Sexual abuse Sexual abuse involves forcing or enticing a child or young person to take part in sexual activities, not necessarily involving a high level of violence, whether or not the child is aware of what is happening. The activities may involve physical contact, including assault by penetration (for example, rape or oral sex) or non-penetrative acts such as masturbation, kissing, rubbing and touching outside of clothing. They may also include non-contact activities, such as involving children in looking at, or in the production of, sexual images, watching sexual activities, encouraging children to behave in sexually inappropriate ways, or grooming a child in preparation for abuse (including via the internet). Sexual abuse is not solely perpetrated by adult males. Women can also commit acts of sexual abuse, as can other children.

Neglect Neglect is the persistent failure to meet a child’s basic physical and/or psychological needs, likely to result in the serious impairment of the child’s health or development. Neglect may occur during pregnancy as a result of maternal substance abuse. Once a child is born, neglect may involve a parent or carer failing to:  provide adequate food, clothing and shelter (including exclusion from home or abandonment);  protect a child from physical and emotional harm or danger;  ensure adequate supervision (including the use of inadequate care-givers); or  ensure access to appropriate medical care or treatment. It may also include neglect of, or unresponsiveness to, a child’s basic emotional needs.

Indicators of abuse Physical signs define some types of abuse, for example, bruising, bleeding or broken bones resulting from physical or sexual abuse, or injuries sustained while a child has been inadequately supervised. The identification of physical signs is complicated, as children may go to great lengths to hide injuries, often because they are ashamed or embarrassed, or their abuser has threatened further

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violence or trauma if they ‘tell’. It is also quite difficult for anyone without medical training to categorise injuries into accidental or deliberate with any degree of certainty. For these reasons it is vital that staff are also aware of the range of behavioural indicators of abuse and report any concerns to the designated safeguarding lead. It is the responsibility of staff to report their concerns. It is not their responsibility to investigate or decide whether a child has been abused. A child who is being abused, neglected or exploited may:                    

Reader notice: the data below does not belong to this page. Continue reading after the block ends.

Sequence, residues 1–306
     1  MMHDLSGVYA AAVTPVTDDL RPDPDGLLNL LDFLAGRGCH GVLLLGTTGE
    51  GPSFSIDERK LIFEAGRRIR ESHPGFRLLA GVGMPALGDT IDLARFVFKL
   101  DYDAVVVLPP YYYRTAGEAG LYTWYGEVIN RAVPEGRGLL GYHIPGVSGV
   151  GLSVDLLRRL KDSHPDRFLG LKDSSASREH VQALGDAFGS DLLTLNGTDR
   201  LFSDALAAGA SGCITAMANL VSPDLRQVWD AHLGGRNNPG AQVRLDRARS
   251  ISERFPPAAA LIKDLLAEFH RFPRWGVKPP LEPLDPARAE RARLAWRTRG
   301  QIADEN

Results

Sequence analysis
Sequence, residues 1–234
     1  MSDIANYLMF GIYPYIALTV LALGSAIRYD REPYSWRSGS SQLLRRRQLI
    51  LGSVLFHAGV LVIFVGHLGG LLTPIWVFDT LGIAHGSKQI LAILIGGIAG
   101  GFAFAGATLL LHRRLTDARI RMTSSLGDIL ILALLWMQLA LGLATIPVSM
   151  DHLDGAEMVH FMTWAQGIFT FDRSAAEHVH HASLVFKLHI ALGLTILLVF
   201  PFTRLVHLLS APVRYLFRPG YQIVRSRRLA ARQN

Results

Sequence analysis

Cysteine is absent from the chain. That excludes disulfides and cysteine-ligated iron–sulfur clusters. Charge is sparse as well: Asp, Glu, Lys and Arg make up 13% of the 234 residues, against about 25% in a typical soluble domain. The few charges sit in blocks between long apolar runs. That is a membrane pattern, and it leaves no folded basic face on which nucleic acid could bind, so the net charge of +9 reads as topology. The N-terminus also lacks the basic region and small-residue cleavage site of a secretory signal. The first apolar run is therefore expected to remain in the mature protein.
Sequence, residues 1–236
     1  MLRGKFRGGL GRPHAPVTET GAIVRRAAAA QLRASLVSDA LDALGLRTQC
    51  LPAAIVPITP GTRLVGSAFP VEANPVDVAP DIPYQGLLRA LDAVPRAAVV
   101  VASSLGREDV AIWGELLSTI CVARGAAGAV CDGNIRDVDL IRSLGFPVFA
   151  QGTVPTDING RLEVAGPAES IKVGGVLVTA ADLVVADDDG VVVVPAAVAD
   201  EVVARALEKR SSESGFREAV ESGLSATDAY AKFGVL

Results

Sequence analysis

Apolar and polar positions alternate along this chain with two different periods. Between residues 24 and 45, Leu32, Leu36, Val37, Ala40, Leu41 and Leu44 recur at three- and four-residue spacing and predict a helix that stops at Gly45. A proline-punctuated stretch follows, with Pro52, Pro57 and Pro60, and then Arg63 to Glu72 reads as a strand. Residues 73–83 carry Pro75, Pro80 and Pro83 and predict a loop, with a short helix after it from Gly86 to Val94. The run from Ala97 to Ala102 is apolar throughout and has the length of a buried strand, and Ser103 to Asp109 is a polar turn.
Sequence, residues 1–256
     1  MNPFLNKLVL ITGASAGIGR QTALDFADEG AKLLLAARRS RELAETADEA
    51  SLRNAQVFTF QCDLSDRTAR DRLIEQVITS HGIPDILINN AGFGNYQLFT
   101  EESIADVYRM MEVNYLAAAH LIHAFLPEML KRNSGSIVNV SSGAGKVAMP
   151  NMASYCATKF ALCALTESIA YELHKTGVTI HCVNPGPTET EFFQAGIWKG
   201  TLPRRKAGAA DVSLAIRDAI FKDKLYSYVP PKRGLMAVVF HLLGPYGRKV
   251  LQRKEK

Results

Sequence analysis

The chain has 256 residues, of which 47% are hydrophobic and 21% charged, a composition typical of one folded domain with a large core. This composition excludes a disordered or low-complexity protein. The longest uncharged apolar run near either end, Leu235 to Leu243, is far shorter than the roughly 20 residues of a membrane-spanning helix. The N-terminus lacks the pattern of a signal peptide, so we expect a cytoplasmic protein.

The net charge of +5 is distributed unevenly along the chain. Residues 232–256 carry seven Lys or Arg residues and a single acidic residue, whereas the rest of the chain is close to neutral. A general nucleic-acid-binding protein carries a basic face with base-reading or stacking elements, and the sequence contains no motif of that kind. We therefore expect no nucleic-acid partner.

have bruises, bleeding, burns, fractures or other injuries show signs of pain or discomfort keep arms and legs covered, even in warm weather be concerned about changing for PE or swimming look unkempt and uncared for change their eating habits have difficulty in making or sustaining friendships appear fearful be reckless with regard to their own or other’s safety self-harm frequently miss school, arrive late or leave the school for part of the day show signs of not wanting to go home display a change in behaviour – from quiet to aggressive, or happy-go-lucky to withdrawn challenge authority become disinterested in their school work be constantly tired or preoccupied be wary of physical contact be involved in, or particularly knowledgeable about drugs or alcohol display sexual knowledge or behaviour beyond that normally expected for their age acquire gifts such as money or a mobile phone from new ‘friends’.

Individual indicators will rarely, in isolation, provide conclusive evidence of abuse. They should be viewed as part of a jigsaw, and each small piece of information will help the DSP to decide how to proceed.

Appendix Two Related Safeguarding policies              

Staff behaviour/code of conduct Physical intervention and the use of reasonable force Behaviour Personal and intimate care Complaints procedure Tackling bullying Safe working practice Whistleblowing SEN Missing children – Devon procedures followed Recruitment and selection Managing allegations Grievance and disciplinary Online safety policy

16

   

Confidentiality and information sharing Sexual exploitation FGM Forced marriage

Adapted from the integrated safeguarding portfolio in the Child Protection & Safeguarding Handbook for Schools by Ann Raymond www.optimus-education.com

17